It’s time to start making some order on our story.
Levels, what are they?
In short, it’s the same process we analyzed before, but this time we’re bound to a scheme that goes down into our character through levels.
Let’s call it level A, the most simple kind. Imagine introducing someone as in the famous scene in Bridget Jones’s diary:
“Introduce someone with thoughtful details, as in ‘Sheila, this is Daniel, Daniel this is Sheila. Sheila likes horse riding and comes from New Zealand. Daniel enjoys publishing and comes…”
Well, no. Maybe this first level should get less intimate. Visualize yourself instead as a TV quiz presenter and you want to introduce one of your contestants:
“This is Sheila. Sheila is in her mid-thirties, a respectable citizen and an excellent teacher in a school for the hearing impaired. She likes swimming and she and her wife are now moms of a wonderful boy called Josh.”
So, level A gave us a bird’s eye view of our character’s life. We know she is a middle-class mid-thirties woman, a mother, and has some hobbies. We start now wondering if this is it. We dig some information there, but is it enough to make an interesting character?
That’s why we have a B level, like in that monstrous Dubai parking where I used to get lost between ‘Parking lot F 32 12th floor or F32 11th floor’. The only difference is we need to constantly explain why we parked our characters in such a parking spot; we cannot just assume it was the best spot for us and the characters have to fit there.
Now start asking yourself and, therefore, your characters why they make some decisions. Sheila is a teacher for children and teenagers with hearing disabilities, but why she’s doing this job? Is she or her sister, her mother, or her wife deaf?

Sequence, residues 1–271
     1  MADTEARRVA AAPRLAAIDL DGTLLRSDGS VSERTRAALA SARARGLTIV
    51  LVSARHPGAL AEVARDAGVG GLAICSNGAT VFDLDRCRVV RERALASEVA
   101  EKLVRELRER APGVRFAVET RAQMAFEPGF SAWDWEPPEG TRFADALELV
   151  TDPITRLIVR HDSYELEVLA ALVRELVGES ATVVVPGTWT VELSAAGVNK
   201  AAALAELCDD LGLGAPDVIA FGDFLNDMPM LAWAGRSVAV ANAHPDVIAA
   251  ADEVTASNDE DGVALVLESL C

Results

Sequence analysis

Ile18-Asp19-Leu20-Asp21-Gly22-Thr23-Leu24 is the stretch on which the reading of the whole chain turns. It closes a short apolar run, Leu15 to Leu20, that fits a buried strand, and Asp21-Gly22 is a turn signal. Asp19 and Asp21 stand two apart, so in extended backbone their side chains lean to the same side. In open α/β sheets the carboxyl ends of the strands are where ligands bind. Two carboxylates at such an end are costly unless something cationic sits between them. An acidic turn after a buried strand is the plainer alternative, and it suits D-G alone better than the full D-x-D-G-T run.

We know she’s married to a woman. How does this fit with her character, her background, and the place she lives? What is it like to live in a small town and be a gay mother? If you decide to place her in a specific location, it’s not coincidental and never has to be.
Although sometimes during Christmas time we need to park our park in a very random parking spot far away from the mall’s entrance, that’s not an excuse. Our characters must arrive when the mall is closed and park their car in their correct spot. I hope you get the sense of this simile.
So, we raised a hairbow creating a flat, stereotypical character that a quiz presenter can introduce in a handful of seconds. Then, we raised a second hairbow to our reader by giving that quiz participant some critical information and background history.
Now it’s time to psychoanalyze the characters and take from them all resourceful details. You can ask your characters whatever you want, way more questions than the ones you asked them before.
You can ask what your Sheila would choose between a beautiful university research career in Geneva and a simple life as a teacher in a small town in the U.S. And why not? She doesn’t want to, or she’s scared? She tried already and failed? Is it related at all to any other characters?
Yes, that’s an important point to keep always in mind:
All the details you raise about your characters must be helpful in the story’s development and, therefore, for accomplishing the final goal they need to reach. The characters would eventually pass hundreds of small goals in a story, from getting out of the sofa to saving someone from being hit by a car.
But they will always have a final, super goal to accomplish. They will fulfill or not, but that’s irrelevant. The important is they reach that crescendo and arrive at that last moment ready, together with the reader.
So, to paraphrase Collins, if a woman is obsessed with money all her life, a perfect detail to put in could be her playing with a small golden ring when she’s nervous. Then, the reader would know that the second would always prevail between her personal happiness and a lot of money.
That’s all for today. Let’s go back to write something interesting. I have a couple of lovely characters to write about. And you?